‘a really special comeback’ | Interview with Electric Kif

The Miami -based quartet returns with their new album Dreamlike due for release this August. Today we feature their song Dreamlike – part of the album and a wonderful collaboration with pianist Aaron Parks. What comes to mind when hearing this song? A deep connection between a warm sounded groove, a cinematic main theme and an extremely unconventional, atonal in parts, keyboard solo. Electric Kif is one of the most compelling new bands around.

We had an interview with Armando (Drums) and Digo (Bass). Read it below.

Describe your sound in three words please!

A: Organized Reckless Abandon
D: Controlled Experimental Rock

Talk to us about the idea behind your forthcoming album Dreamlike. We already know that you have collaborated with Aaron Parks! What else should we expect from this work?

A: “Dreamlike” was born after the 4 of us started spending most days with each other making music during the pandemic. I say making music, but it was really just hanging out and exploring a bunch of analog gear and throwing ideas out there.
D: Its the best sounding record we’ve made so far. We spent a lot of time on this album creating sounds that we’ve never heard before, and took the downtime we had in the pandemic to make it sound exactly like we wanted it to sound.

You had some live performances scheduled for last year, which were disrupted due to the pandemic. Are you planning to hold them now? Do you feel that the interaction between audience-artists might be different after so much time of social isolation and doing the digital experience?

A: We did have some great shows lined up that got cancelled; a tour, a Miami show with Aaron Parks, and more. We do plan to be back on tour soon this year in support of the record, and hopefully we can spark up that Aaron Parks Miami show again. As for the audience-artist interaction, I do think it might be a bit different. I think we’ve already felt a renewed energy and appreciation for live music that might have been reignited by everyone being shut in for so long.

D: We are ready to go back on the road and play the shows we had scheduled and look at new places too. The live experience between artist and the audience is essential, we need them just as much, if not more, than they need us. Between how much we missed playing live for a crowd, how much the crowd misses live music, and the new music we are debuting, it’s a perfect recipe for a really special comeback.

You mostly focus on instrumental music. Is the absence of vocals an extra challenge when it comes to promotion?

A: I guess it is an extra challenge, but there really are so many people who love good music no matter what style it is, and instrumental fans also seem to be some of the most enthusiastic. In the end we make this music because we enjoy the process and let it happen organically. Also, who is to say we wont make some music with vocals in the future!
D: There’s a place for everything in music. Instrumental music has been here since day 1 and its here to stay, Because of the popularity of bands like Snarky Puppy, Lettuce, and Khruangbin to name a few , the audience has grown a greater appreciation for it.

You have been making music for a lot of years! How would you say your sound has evolved until now?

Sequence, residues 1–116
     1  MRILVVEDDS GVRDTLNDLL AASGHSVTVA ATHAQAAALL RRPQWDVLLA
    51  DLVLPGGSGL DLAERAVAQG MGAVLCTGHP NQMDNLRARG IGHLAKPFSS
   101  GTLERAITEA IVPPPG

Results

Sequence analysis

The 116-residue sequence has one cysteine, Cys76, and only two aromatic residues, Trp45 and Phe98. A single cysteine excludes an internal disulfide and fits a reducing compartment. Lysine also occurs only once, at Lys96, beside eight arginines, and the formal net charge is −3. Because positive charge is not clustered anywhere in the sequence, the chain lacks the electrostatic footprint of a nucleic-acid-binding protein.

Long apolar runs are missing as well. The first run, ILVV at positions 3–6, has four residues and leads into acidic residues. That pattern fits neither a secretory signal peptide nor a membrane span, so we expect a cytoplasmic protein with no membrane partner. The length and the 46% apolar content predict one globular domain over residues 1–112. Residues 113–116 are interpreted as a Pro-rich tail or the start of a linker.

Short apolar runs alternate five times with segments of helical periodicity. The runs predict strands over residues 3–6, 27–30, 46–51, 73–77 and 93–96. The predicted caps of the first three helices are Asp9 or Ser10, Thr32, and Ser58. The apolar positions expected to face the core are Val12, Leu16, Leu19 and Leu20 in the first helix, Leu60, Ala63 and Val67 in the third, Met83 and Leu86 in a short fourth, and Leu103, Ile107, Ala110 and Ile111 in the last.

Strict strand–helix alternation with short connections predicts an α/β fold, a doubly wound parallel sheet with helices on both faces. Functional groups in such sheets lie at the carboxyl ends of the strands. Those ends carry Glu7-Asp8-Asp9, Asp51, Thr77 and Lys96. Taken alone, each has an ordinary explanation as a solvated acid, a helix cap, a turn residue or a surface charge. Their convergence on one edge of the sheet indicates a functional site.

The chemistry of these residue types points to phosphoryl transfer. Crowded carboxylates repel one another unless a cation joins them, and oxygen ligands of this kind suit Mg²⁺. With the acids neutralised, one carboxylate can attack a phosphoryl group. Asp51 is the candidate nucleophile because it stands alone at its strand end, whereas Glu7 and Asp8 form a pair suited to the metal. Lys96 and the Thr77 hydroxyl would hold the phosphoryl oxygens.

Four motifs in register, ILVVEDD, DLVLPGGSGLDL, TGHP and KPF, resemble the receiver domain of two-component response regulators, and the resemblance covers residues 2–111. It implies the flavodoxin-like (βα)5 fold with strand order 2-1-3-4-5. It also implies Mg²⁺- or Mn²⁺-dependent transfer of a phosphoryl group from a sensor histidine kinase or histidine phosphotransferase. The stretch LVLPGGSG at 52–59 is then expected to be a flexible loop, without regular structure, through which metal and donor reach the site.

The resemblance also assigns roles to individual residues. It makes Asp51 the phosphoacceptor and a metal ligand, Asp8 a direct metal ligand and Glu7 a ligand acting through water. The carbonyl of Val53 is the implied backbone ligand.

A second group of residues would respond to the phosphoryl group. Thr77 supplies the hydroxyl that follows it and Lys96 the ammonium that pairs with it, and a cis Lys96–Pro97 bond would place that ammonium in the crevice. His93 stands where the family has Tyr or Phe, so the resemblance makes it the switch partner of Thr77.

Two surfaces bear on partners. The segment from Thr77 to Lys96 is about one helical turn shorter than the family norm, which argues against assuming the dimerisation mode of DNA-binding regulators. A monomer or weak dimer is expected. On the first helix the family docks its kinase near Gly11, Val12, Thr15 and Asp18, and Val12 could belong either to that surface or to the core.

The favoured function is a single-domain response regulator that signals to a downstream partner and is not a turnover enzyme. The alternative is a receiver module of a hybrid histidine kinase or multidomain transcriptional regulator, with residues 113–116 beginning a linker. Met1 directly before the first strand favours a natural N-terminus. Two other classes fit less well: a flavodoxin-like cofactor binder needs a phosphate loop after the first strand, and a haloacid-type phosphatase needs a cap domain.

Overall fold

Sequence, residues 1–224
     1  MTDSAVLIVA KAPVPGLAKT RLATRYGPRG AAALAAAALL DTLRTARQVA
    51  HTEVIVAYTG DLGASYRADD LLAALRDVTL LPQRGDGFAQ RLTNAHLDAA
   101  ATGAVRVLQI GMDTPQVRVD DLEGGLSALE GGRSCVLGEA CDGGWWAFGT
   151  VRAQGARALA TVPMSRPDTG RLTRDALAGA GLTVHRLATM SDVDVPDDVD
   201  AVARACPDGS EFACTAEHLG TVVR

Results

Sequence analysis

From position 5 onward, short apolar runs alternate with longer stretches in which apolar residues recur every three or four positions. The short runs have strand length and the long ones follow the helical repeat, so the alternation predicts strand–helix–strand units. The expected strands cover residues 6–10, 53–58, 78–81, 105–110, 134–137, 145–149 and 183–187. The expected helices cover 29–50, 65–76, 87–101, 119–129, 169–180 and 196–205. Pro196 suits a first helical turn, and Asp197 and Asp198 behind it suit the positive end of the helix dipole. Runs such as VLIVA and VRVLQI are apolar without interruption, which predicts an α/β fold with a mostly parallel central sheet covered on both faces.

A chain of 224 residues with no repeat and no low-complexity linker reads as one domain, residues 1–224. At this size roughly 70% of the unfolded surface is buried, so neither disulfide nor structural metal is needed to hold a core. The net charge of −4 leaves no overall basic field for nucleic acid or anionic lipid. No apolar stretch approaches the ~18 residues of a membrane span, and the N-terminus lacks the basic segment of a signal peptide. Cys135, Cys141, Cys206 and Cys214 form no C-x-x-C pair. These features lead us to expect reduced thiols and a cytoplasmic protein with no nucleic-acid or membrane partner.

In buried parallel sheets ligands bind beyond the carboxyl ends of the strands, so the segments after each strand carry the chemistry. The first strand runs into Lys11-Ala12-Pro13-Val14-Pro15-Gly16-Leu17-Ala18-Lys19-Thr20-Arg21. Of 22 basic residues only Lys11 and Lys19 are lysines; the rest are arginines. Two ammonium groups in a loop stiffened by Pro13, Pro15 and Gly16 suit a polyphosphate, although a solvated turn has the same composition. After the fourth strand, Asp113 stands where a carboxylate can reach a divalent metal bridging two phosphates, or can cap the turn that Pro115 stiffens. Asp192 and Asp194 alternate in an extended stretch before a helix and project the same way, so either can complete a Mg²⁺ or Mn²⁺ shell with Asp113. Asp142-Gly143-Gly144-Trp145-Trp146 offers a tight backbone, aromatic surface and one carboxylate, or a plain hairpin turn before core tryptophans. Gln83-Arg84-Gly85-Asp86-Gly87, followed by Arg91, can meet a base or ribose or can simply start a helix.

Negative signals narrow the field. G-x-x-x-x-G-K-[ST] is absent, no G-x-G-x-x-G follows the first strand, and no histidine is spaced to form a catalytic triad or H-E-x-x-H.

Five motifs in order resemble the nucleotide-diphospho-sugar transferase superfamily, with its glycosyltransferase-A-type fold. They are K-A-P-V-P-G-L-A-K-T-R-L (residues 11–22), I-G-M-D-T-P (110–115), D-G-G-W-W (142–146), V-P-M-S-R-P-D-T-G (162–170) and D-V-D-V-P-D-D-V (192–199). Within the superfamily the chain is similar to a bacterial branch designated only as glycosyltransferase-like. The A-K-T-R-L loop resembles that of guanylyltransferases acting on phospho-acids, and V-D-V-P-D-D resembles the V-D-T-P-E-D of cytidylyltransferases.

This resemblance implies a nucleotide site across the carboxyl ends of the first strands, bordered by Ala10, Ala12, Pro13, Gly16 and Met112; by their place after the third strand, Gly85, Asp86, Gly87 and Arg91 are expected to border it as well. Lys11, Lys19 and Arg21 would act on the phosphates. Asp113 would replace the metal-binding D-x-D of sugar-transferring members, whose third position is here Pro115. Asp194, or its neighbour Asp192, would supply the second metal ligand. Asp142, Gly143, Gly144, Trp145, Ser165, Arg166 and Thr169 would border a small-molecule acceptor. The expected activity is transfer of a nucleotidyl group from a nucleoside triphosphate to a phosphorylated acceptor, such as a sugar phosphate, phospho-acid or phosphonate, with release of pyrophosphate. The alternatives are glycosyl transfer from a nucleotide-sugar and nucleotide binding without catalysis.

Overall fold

A: It’s evolved a ton since the original Kif trio for sure. After some changes through the years, the core eventually became the quartet it is now. With each album we’ve continued to learn and understand what the Kif sound is, but we never allow it to be put in a box, allowing us to create freely. This has led to each album sounding quite different each time.
D: Our sound has definitely matured over the years. Kif’s chemistry gets stronger and stronger with each album, and we keep developing better control of our sound. Individually as musicians, Armando, Eric, Jason and I keep growing and learning new tricks that we all bring back to the Kif to make new music. That’s what makes the Kif so special.

You have described your creative process as a very democratic one, where everyone’s ideas are being considered and discussed. This is very interesting. Tell us the benefits and challenges of this approach. What has it taught you so far?

A: This approach is definitely a chaotic one that can go off the rails quick! … That being said, we enjoy the frenetic pace of it, and like I said before we are hanging out first and foremost so if it goes off the rails, we just enjoy it the process. Through the chaos some really unique ideas come out as well.
D: I think our democratic working process works because everyone’s voice and ideas are heard and from that we base our decisions as an equal creative entity. The backlash of that is that a lot of good ideas are left behind because they don’t fit the vibe of the song or the record’s concept even though they are great ideas. But then those ideas can lead us to an entirely new song or concept and keeps us moving forward and growing as a band.

What is your favourite album from the previous year?

A: Pom Poko – Cheater
Mark Guiliana – BEAT MUSIC! BEAT MUSIC! BEAT MUSIC!
Aaron Parks – Little Big II: Dreams of a Mechanical Man
Tigran Hamasyan – The Call Within
Surprise Chef – All News is Good News
D: All News is Good News by Surprise Chef
Welcome to The Hills by Yussef Dayes

Have you thought what would you be doing if not making music?

A: That’s tough. My guess is I’d gravitate to another creative outlet or art form. Outside that? Who knows.
D: If I wasn’t making music I would be doing something creative still like working in Film Production or Photography. I love all of that.

Thanks Electric Kif!

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